Recently I hear coughing and sneezing a lot at work. Maybe it’s a cold/flu season. Eating nutritious food and get plenty of rests are the keys to wave goodbye to your cold/flu.
However, your digestion might be weaker. Nabeyaki Udon is a hot udon noodle soup served in an individual pot. It is nutritious and easy to digest soupy meal that warms your body and soul.
Nabeyaki Udon is a simple dish and easy to make. First, you put udon noodle and ‘Mentsuyu (noodle soup)’ in a pot. On top of it, you add vegetables (shiitake mushrooms, carrots, green onions), ‘kamaboko (fish cake)’, chicken, eggs or anything you like. Then, cook it and eat from the individual pot.
It’s hot (not spicy hot) and it makes you sweat. After eating it, take a cold medication and just go to bed. You will probably feel a lot better when you wake up.
I know some people don’t like eating octopus, because of the chewy texture. But, we, Japanese, enjoy the texture and use octopus for many different dishes. Today’s topic, Takoyaki, is probably the most popular Japanese food with octopus.
Takoyaki is a very simple ball-shaped snack and you can often find it in street stalls during any festivals. The ingredients are flavoured batter, diced octopus, pickled-ginger, and green onion. After mixing all ingredients, we cooked in a takoyaki pan, pour takoyaki sauce and mayonnaise, and sprinkle aonori (green laver) and katsuobushi (dried bonito). Chewy but crunchy octopus and juicy batter create a great harmony.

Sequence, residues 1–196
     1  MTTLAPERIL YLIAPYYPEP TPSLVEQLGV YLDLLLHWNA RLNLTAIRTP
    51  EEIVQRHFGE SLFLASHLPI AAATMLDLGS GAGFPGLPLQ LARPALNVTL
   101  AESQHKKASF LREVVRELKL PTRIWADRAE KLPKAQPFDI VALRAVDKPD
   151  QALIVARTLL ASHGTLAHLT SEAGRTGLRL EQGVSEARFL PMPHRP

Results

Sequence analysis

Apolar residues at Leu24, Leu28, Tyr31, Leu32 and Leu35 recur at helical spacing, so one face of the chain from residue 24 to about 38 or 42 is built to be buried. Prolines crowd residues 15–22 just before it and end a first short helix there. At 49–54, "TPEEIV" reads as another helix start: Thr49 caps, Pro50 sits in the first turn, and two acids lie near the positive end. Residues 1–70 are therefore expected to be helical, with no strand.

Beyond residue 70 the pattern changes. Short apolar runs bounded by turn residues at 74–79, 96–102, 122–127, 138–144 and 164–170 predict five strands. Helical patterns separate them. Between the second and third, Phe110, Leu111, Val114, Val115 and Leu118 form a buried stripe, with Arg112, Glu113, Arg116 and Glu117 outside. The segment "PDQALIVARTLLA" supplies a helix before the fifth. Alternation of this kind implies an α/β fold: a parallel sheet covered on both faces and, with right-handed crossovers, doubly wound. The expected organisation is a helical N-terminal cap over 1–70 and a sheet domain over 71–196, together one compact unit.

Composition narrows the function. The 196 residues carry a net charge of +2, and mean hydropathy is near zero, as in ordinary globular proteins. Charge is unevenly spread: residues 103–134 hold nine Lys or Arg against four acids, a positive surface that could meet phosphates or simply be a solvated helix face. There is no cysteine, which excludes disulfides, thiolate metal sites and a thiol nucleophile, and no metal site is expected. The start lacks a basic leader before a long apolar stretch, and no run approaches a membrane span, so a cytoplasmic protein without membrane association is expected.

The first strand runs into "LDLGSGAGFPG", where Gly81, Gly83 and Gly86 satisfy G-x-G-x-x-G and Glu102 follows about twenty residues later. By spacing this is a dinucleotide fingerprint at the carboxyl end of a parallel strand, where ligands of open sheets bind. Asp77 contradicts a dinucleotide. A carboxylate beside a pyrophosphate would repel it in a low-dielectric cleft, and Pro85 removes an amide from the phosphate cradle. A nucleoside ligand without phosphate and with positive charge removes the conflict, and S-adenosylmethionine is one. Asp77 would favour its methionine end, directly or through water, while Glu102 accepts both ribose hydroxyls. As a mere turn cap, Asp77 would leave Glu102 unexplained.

You can also enjoy Takoyaki at home. When I go back to Japan, my friends often invite me for a Takoyaki party. All you need are the ingredients I mentioned above, a Takoyaki pan and one or two Takoyaki picks to turn Takoyaki balls. Takoyaki pan has half-spherical molds. You pour batter in the molds, turn the batter when the bottom part is cooked, and make it ball-like shape. Street vendors in stalls usually use big griddle, but for home electric version of Takoyaki pan is available.
In my opinion, Takoyaki is the king of Japanese street food and is an easy and fun home party food.